Training Tourists: A Primer on the Northeast Corridor

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Washington, D.C. and New York City can be confusing for tourists.  In Washington, you have traffic circles with stoplights and SmarTrip® cards for the subway that should be called GeniusTrip cards because it’s so hard to figure out how to purchase them. In New York City you have many buildings without visible addresses and a number of “Broadway” theaters that aren’t actually on Broadway.


But traveling between these cities by train on Amtrak’s Northeast Corridor may be the most confusing aspect of the tourist experience.  Here’s why:


  • Penn Station. Where would you expect Penn Station to be located?  Hint:  It’s not in Pennsylvania.  The Pennsylvania stop along the Northeast Corridor is in Philadelphia, and it’s called 30th Street Station. There are three Penn Stations on the corridor, however.  They’re in (don’t laugh) New York City; Baltimore, MD; and Newark, NJ.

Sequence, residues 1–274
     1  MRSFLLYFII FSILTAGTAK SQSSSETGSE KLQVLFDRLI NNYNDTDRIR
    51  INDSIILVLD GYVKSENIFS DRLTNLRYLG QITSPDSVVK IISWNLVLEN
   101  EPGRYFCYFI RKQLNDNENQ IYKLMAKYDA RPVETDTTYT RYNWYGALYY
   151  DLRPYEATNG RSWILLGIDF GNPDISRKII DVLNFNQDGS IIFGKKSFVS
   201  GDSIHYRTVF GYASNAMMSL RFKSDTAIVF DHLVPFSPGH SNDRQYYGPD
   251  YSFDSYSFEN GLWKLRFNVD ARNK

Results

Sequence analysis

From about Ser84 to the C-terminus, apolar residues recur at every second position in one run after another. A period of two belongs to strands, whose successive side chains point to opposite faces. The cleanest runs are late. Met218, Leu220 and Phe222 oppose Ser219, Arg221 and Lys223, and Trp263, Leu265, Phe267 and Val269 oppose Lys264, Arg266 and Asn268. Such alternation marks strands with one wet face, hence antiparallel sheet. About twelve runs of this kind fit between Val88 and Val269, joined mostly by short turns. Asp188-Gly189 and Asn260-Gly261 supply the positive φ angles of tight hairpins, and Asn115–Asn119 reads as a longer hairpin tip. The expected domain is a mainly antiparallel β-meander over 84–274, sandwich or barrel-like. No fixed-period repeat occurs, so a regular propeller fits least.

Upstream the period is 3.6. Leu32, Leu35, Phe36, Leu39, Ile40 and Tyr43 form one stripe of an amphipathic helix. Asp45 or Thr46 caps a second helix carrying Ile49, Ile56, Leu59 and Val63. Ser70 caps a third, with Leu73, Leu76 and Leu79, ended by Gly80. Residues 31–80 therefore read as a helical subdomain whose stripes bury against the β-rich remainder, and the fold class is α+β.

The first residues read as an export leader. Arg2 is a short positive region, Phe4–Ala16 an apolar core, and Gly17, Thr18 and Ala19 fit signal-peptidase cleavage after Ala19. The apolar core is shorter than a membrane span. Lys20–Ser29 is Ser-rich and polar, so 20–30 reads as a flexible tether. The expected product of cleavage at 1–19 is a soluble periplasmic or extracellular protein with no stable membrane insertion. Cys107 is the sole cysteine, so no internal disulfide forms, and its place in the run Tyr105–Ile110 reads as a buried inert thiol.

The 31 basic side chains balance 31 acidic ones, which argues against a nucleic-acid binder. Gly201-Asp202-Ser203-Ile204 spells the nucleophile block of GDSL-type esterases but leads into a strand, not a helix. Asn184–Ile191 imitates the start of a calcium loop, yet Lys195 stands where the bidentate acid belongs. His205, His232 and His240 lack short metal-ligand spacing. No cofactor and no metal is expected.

• Which brings us to Newark. If you haven’t noticed, Newark sounds a lot like “New York,” especially if a conductor is not enunciating carefully and/or the PA system is not functioning well (it typically doesn’t function well). And then there is Newark, Delaware, which is sometimes on the route and which is pronounced “New Ark.”  Feeling confused yet?  Imagine how you’d feel if you were a non-English speaker.


The good news for tourists is that train passengers tend to be in slightly better moods than plane passengers because seat pitches on the trains are wider than your pinky finger.  That means your fellow passengers won’t yell at you if you ask them for clarification — unless you’re in the quiet car, where there is supposed to be a library-like atmosphere.  (Note:  It’s very possible that you find yourself in this car by accident because there are no signs for it beyond some very unobtrusive ones in the car itself.  Usually people find a seat and stow their heavy luggage and then realize that they’re in the quiet car.)


So good luck getting off at the right stop, and Bon Voyage.